Four maximum-security facilities are in no danger of closing
There are 67 prisons in New York state; 3,700 beds must be cut. Seven prisons in our region, including Fishkill Correctional Facility, are threatened.DOMINICK FIORILLE/Times Herald-Record
By Chris Mckenna
Published: 2:00 AM – 04/27/11
Where will the ax fall? Mid-Orange Correctional Facility in Warwick? The state prison just outside Otisville? The medium-security site near the Ulster County hamlet of Wallkill?
Nearly two months after state lawmakers passed a belt-tightening budget, more than 2,800 prison employees working in this region are awaiting a lingering decision that could upend their lives: Which prisons will Gov. Andrew Cuomo close to eliminate 3,700 prison beds statewide?
Cuomo’s spending plan demanded prison space be reduced by that amount — in response to declining inmate numbers — but let the governor decide afterward which of the state’s 67 prisons to close.
As a way to soften the economic impact of a closed prison, Gov. Andrew Cuomo and state lawmakers have set aside $50 million in the budget for capital costs that foster economic development in communities affected by a closure.
According to the state Division of Budget, those funds will be distributed by the Empire State Development Corp. with advice from regional economic development councils, which have yet to be established. No set amounts are reserved for each area where a prison has closed.
In addition, the state has created tax credits for businesses that open near a closed prison and create at least five jobs. Employers can claim the benefit for five years but must apply for the credits within three years of the closure in order to be eligible.
That delay shrewdly bypassed a political minefield, but has left agonizing suspense for the workers and their families, who wonder when that fateful announcement will come.
It also has triggered an intense lobbying campaign by state lawmakers hoping to preserve their local prisons, which tend to be among the larger employers in their districts.
“It’s a terrible position for people to wake up and say, ‘Am I going to have a job in three weeks?'” said Assemblywoman Annie Rabbitt, R-Greenwood Lake, who recently met with Cuomo’s top aide, Steve Cohen, to argue on behalf of the Otisville and Warwick prisons.
Maximum security not at risk
Both medium-security facilities opened in 1977, and they employ a total of 610 people.
All told, nearly 5,000 people work at eight state prisons in Orange, Ulster and Sullivan counties and three sites just across the Hudson River from Newburgh, in Dutchess County, according to the state Department of Corrections and Community Supervision.
Assemblyman Tom Kirwan, R-Newburgh, who has two prisons fully in his district and two others straddling the district line, said his strongest argument for keeping them open is their relative proximity to New York City, where most inmates are from. Being close to the city makes it easier for family members to visit, he said.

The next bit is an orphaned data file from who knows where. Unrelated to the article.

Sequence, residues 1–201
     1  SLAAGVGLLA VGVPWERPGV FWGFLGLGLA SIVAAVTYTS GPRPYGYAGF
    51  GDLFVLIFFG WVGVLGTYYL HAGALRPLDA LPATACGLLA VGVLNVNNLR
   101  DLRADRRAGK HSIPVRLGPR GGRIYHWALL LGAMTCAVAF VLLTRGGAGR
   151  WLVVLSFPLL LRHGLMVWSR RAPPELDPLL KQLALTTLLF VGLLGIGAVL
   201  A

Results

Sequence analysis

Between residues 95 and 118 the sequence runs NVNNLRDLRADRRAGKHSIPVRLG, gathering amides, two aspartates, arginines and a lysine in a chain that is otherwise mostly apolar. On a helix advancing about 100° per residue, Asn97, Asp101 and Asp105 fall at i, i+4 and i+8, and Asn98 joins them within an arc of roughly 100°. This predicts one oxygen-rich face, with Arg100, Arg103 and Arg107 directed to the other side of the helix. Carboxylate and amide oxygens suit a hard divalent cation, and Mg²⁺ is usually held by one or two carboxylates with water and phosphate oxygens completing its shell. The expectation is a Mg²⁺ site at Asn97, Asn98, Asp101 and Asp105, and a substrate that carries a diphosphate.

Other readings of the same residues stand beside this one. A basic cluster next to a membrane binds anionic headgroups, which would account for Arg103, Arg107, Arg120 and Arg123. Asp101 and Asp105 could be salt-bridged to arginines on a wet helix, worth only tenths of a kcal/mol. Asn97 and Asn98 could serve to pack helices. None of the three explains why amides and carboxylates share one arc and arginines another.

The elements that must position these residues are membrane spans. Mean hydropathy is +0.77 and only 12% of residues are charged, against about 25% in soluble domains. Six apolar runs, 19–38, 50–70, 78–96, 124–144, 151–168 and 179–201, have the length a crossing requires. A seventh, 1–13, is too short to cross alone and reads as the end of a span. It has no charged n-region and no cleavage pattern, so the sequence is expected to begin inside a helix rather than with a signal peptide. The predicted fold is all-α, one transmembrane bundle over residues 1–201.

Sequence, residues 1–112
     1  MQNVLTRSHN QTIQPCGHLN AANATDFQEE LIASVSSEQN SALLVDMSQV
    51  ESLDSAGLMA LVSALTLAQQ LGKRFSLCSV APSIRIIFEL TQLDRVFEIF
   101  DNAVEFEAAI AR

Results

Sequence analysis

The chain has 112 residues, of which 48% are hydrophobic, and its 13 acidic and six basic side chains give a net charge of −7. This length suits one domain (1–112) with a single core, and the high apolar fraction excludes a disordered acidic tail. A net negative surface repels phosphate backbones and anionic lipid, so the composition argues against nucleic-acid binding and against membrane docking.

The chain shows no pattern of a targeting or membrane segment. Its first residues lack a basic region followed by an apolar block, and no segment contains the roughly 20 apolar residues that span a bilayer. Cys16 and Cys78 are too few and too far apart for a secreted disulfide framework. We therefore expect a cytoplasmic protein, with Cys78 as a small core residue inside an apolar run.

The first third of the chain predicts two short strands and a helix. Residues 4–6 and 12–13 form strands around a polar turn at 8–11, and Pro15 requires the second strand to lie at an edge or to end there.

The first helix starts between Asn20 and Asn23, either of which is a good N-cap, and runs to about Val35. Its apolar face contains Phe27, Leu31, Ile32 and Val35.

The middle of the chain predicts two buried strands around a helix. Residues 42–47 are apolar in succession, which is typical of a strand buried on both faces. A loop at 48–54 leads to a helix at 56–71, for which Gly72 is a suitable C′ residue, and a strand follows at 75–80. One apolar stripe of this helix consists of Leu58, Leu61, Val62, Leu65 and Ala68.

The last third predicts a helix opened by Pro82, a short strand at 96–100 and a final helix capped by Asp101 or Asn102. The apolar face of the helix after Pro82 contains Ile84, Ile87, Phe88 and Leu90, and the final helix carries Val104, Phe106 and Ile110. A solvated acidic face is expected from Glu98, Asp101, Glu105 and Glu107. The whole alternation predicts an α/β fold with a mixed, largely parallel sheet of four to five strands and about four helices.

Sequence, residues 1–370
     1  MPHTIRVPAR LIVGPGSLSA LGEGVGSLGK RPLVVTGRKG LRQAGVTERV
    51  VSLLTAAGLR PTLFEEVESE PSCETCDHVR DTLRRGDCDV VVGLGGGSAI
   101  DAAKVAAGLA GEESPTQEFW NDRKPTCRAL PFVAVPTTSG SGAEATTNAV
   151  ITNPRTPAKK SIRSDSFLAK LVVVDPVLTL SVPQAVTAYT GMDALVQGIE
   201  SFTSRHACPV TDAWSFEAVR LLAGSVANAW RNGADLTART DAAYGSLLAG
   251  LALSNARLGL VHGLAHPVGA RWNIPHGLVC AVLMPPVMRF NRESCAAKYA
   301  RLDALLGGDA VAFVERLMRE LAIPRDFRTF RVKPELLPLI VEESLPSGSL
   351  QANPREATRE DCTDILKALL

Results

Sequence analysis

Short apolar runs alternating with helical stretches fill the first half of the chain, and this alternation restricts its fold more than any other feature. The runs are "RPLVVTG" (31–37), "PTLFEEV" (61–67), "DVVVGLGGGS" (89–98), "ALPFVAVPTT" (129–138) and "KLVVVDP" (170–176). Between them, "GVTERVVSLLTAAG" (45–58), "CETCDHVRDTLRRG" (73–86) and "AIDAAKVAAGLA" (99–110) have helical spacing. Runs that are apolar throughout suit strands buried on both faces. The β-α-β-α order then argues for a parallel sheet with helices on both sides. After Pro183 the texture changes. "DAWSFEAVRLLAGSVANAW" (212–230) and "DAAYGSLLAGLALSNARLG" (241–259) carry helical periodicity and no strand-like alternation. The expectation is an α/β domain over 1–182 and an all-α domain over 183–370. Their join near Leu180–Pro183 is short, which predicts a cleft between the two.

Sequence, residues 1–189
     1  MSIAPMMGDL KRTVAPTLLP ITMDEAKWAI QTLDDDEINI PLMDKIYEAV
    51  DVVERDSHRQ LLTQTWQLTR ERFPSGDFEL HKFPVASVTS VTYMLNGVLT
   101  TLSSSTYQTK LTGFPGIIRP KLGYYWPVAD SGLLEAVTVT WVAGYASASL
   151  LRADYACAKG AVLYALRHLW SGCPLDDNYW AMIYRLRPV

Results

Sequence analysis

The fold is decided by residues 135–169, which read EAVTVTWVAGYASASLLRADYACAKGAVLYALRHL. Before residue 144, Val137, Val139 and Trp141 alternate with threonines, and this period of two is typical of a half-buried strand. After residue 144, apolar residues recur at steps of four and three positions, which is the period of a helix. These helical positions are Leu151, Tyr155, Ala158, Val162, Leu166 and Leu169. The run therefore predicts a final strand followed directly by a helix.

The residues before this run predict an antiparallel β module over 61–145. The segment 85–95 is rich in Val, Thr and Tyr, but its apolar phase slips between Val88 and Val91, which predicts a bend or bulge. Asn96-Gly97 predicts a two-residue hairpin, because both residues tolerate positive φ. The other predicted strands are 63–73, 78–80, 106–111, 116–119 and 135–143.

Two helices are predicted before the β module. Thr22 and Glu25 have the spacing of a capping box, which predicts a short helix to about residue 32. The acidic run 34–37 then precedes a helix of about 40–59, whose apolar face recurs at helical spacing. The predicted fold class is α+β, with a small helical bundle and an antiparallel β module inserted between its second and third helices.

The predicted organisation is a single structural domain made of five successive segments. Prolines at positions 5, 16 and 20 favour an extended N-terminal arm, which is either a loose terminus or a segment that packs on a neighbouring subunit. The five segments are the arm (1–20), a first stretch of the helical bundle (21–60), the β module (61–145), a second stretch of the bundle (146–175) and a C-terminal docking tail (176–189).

But as he observed, with tongue in cheek: “Like everyone else, I want every place closed except the ones in my district.”
The job uncertainty affects about 2,800 of the region’s nearly 5,000 prison employees because the four maximum-security facilities are in no danger of closing.
The state plans to shut only medium- and minimum-security prisons, where inmate numbers have plunged because of lower crime levels and the softening of sentences for low-level drug offenders.
The targeted facilities are expected to close 60 days after employees are informed. State law normally requires that workers get a year’s notice, but the budget shortened that period to save money this fiscal year.
Many factors still uncertain
The local impact of any closures could extend beyond job losses. Closing the Otisville prison, for instance, would cost the nearby village one of its largest water customers.
“They help offset our water budget and the maintenance,” said Otisville Mayor Brian Wona.
Mid-Orange supports a Warwick sewer district in the same fashion, sparing other customers much of the maintenance cost, Supervisor Michael Sweeton said.
For that and other reasons — the jobs, the community-service work inmates perform — he supports keeping open the prison.
“In the 10 years that I’ve been here, it’s been a real asset,” Sweeton said.
Few state lawmakers have as much at stake as Sen. John Bonacic, R-C-Mount Hope, whose district has seven prisons, four of which are medium-security facilities.
“I don’t think my district is immune,” Bonacic said. “The reality is, I have a lot of prisons in my district. I think the closings have to be fairly spread around the state and have to be based on the infrastructure of the facility.”
Much about the impending closures remains uncertain: how many prisons or prison wings will close, how many workers will be offered jobs elsewhere, and what the state will do with closed facilities.
One potential bright spot for host communities is that redeveloping those properties could bring in tax-paying businesses.
Many prisons are surrounded by large, undeveloped tracts — Mid-Orange sits on more than 1,000 acres — that generate little or no property tax revenue.
But that prospect does not appeal to Mount Hope Supervisor William Novak, who suspects that only residential builders would have interest in the 733 acres that Otisville Correctional Facility occupies.
“That’s my biggest fear — that you’re going to see a lot of housing developments, not businesses,” Novak said.